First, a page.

French-Congolese writer Alain Mabanckou argues that official development assistance must take specific African cultural characteristics into account to encourage the emergence of true African development models.

Congolese writer Alain Mabanckou Photo by ADRIAN DENNIS / AFP
Congolese writer Alain Mabanckou Photo by ADRIAN DENNIS / AFP

You believe the concept of “development” comes from developed countries. What do you mean?

It’s a fact: development criteria are defined by the dominant economic powers. In a sense, they are the ones who determine who sits at the table for G7 and G20 talks. However, these criteria do not necessarily coincide with development criteria from an African perspective. Our continent has its own traditions, a different way of managing conflicts, and dealing with institutions. Furthermore, from the outside, our traditional institutions are often seen as incompatible with the development of society.

Ultimately, it’s a little like the definition of beauty standards. In several regions of Africa, overweight women are seen as very desirable. In Europe, you must be thin, even anorexic, to be on the cover of a magazine! The dominant concept of beauty is therefore European simply because Europeans have all the necessary means of spreading their definition through newspapers, media and products. Africa does not have this capacity to impose its criteria on others. And, in my opinion, the presence of autocratic regimes does not help. The concepts of development and autocracy are indeed contradictory, even though China is key world power and India rapidly growing as an emerging power.


In the midst of climate change and in a context of an economic model based on growth that is increasingly criticized, can Africa offer a solution?

Africa observes and draws from other emerging nations, especially in Latin America. It observes in particular its capacity to acquire a certain level of economic independence through the promotion of local culture and products and to regulate the outpouring of false generosity from certain Western governments who tend to take back what they have given. Other development models, better adapted to our continent, certainly exist. They take account of the African way of living, handling conflicts, and sharing and creating wealth.


What is the role of the African diaspora?

It has a major role to play. It must not only foster enthusiasm among the people of Africa, but also assist local economies through economic action and initiatives. The diaspora already gives a lot, by transferring funds from developed countries to developing countries and by starting businesses. The intellectual diaspora–like our elders in the in the 1930s and 40s, including Aimé Césaire and Léopold Sédar Senghor–rethink and write about Africa, thus creating a sense of pride in their identity.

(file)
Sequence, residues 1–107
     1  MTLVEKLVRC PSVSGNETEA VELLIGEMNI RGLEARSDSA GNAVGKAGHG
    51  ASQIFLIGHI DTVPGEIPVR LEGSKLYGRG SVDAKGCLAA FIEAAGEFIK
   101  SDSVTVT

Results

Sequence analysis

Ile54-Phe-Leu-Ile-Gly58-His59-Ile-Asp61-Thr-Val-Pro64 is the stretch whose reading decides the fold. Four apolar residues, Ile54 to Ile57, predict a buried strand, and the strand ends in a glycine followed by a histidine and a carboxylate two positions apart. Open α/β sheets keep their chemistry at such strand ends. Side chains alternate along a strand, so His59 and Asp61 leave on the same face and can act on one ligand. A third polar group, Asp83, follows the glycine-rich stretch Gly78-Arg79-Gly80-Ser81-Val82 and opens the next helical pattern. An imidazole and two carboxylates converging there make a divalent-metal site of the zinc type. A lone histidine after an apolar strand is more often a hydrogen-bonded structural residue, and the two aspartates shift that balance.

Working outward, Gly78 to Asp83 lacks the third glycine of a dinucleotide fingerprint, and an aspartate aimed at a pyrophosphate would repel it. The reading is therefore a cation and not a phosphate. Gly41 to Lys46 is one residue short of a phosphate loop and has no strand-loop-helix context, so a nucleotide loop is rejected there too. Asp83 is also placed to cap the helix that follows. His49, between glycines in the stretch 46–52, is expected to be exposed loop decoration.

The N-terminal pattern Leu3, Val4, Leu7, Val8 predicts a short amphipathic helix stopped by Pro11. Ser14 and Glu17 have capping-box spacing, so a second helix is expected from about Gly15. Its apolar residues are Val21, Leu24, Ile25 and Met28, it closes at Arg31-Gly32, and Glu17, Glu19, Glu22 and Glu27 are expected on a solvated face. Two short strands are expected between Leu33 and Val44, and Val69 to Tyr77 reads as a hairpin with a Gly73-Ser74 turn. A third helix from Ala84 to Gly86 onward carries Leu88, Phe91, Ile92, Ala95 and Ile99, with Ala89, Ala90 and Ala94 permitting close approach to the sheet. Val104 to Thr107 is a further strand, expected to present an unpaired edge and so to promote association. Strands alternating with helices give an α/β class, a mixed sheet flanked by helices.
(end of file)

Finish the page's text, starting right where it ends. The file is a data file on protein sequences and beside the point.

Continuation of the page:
Many political voices in developed countries call for the establishment of an “equal partnership”. What do you think of this?

They are living in an ideal world. For an equal relationship to exist, there must first be a balance between partners. If I want to form a partnership with France, I need more than wealth. Many things are needed: a democratic impetus, an entrepreneurial spirit, and a government that does not resemble a gang of officials plundering State resources.

Another question arises: if a partner’s public accounts lack transparency, should France work with them? We must be sure that the assistance will reach those it is intended to help and will be used wisely. Of course, we cannot assign a policeman to verify every euro we spend. But we must establish adequate control mechanisms. The governments of rich countries often allocate aid and trust the government to distribute it among their citizens. This is a mistake and it creates a great deal of suspicion among citizens.


Does this mean it is best to avoid dealing with an authoritarian government likely to misappropriate international aid?

That would be a mistake. Aid is part of international courtesy. It distinguishes us from animals. We cannot accept a refusal to assist citizens in danger. Furthermore, aid does not appear out of thin air. It is the result of a process involving common historical, economic and cultural relationships. The citizens of the State providing aid must be aware that, to a certain extent, it has contributed to a reducing the scope of the State receiving aid.

However, as I said before, we must ensure that the aid granted in good faith is distributed fairly between both supporters and opponents of the regime in power. We should even ensure that this aid contributes to the democratization of power. Aid in itself is not enough, we must study consequences on the ground.


In this case, don’t donors expose themselves to suspicion of “colonial interference”?

This suspicion will probably never be completely erased. But tracing the path of aid from its source to recipients would help to reduce this suspicion of collusion. The problem is that in Africa, the aid often ends up in the local leader’s pockets…


Is it unjust for developed countries to ask developing countries to contribute to the Paris Agreement?

This results from the lack of balance between developed countries and the others. But African governments cannot just let the Congo Basin forest go up in flames. This is a common good, and we must protect it together, just like certain monuments that are part of our world heritage as humans. If we lose this forest, part of humanity’s heritage will disappear with it.



The opinions expressed on this blog are those of the authors and do not necessarily reflect the official position of their institutions or of AFD.

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